On the other hand, your type of question (verifying proofs) is typically more work to answer than a question that could be completely answered by providing a well-known standard technique. Somebody to answer your question will be required to work through every aspect of your very personal proof and even might attempt to work around and correct some minor errings in order to make your general approach work. If you are self-teaching you may not yet be familiar with the usual ways of presenting the argument in your field of study and your proof may thus be hard to read for an expert. This very nature of your question might thus reduce the amount of persons able to answer even further, as not every expert may have the time that would be required to provide a quality answer.

So please do not be discouraged by a lack of answers and keep it on. I personally am very happy to see self-learners questions and the type of question you are asking provides a strong motivation to me to invest some time in an answer.

PS.: I am sort of sad now that I have quit algebraic geometry after giving it an honest attempt... I have by now forgotten everything I might have ever known about it, otherwise I would attempt an answer to one of your questions now. ;)

  • $\begingroup$ Thank you so much for your very thoughtful answer. I really appreciate it. Ironically, it's only in later life that I've gotten so enthused about filling my brain with knowledge, and resources like this are so helpful. Also would be interested in why you stopped learning AG? Did you find the results boring? I also did the first few chapters of Hatcher's AT and found that much more "mind-blowing" at first blush, although AG has its own nifty punchlines as well (e.g. Nullstellensatz). $\endgroup$
    – William
    Commented May 19, 2018 at 18:46
  • $\begingroup$ AG appeared as an "all-or-nothing" thing to me - it was so hard for me to follow the lectures that I would have had to specialise there if I wanted to stand a chance: Put in all effort for AG only and do the minimum everywhere else. I was however interested in applied math and did not want to sacrifice these subjects. AG is certainly not boring, it rather had a "die-hard" reputation among us students and I decided to drop it in favour of a broader knowledge in (as I thought then) "easier" fields. I might give it a try again in later life, as you do, though. $\endgroup$ Commented May 19, 2018 at 18:53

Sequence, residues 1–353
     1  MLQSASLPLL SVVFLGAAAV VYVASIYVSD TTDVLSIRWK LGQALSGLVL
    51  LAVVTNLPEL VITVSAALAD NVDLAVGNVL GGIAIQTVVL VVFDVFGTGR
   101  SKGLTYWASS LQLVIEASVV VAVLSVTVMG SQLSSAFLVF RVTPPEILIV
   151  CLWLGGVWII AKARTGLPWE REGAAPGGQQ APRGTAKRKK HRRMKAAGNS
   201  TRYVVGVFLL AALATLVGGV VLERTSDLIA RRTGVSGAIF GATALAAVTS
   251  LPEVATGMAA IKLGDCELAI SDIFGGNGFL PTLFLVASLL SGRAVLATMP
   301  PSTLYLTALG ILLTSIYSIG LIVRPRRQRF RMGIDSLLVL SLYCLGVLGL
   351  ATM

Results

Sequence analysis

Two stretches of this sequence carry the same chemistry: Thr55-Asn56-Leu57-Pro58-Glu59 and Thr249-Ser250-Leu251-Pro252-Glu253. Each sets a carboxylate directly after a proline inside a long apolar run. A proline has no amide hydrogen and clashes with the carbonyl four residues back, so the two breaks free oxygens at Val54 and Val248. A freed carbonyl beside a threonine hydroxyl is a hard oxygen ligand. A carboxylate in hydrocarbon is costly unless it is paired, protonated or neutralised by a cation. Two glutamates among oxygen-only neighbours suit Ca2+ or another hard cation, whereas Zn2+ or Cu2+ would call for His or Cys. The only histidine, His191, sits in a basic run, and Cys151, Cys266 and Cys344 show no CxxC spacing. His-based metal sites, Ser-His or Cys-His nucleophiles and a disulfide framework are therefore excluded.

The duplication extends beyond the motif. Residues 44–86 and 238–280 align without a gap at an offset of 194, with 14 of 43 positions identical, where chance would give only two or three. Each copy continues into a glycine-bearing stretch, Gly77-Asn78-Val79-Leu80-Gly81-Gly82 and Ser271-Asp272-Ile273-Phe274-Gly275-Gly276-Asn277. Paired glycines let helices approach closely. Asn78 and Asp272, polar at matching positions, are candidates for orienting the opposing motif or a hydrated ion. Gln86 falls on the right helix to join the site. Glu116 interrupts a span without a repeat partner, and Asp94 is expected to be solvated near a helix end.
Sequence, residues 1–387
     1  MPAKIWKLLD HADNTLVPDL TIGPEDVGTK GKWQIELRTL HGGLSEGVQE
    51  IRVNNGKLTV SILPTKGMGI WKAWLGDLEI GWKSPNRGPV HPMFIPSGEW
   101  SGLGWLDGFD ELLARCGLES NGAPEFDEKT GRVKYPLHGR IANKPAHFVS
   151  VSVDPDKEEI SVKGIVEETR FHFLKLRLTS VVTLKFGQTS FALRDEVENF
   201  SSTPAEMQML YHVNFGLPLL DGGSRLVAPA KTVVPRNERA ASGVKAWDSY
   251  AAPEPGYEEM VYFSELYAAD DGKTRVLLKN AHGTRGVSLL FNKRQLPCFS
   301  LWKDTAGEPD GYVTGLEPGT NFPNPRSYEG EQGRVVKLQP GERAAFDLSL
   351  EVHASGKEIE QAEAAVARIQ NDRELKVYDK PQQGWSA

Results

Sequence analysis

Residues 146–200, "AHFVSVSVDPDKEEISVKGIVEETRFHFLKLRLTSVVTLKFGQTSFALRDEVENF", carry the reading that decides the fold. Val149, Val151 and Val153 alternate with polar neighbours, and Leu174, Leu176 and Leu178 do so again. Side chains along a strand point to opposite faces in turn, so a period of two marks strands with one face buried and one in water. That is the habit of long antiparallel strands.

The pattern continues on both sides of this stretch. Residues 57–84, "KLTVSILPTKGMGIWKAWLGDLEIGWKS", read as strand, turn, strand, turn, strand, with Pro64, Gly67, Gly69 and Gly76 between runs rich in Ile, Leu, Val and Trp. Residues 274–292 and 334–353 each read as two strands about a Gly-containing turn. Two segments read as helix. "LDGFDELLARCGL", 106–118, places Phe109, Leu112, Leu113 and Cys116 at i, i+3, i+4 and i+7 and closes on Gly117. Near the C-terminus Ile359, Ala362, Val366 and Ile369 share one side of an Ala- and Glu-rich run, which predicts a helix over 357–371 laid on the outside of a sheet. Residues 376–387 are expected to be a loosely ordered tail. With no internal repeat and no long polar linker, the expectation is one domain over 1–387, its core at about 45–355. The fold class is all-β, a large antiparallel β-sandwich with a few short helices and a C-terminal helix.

Absolutely! To be honest if you are even being considerate enough to ask yourself the question, then you're probably fine. As people have said above, it will be the maths getting harder that's causing what you have experienced.


I've found Math SE most helpful when my questions are on the standard path. It makes sense: there's more people who have been there, and it's easily accessible to them.

Your own proofs, done in your own way, are not the standard path. And as they get harder and more complex, it's harder for people to peer review them.

I'm not sure what the answer is: you could try to follow the standard proofs, but on the other hand, it's great to do it all yourself, without guidance. I guess all you can do is try to make them accessible... though that might not be enough.

Or perhaps you could try to relate your own proof to the standard proof, and if you have trouble, ask that as a question. That might be more accessible; and also give you practice in checking them yourself.

Anyway, I think something like that is the problem, and not that people are boycotting you for working hard on your own proofs and going to the trouble of asking about them!

BTW Although many people here will happily do their best to help people with very specific problems, it's not really the primary mission, at least of the stackexchange websites - which is to build up a resource of good answers to questions that might be of use to other people too.

So perhaps that's another aspect of making it accessible: to whom. Not just to potential answerers, but also to future questioners. Though this may be difficult to apply to your own proofs!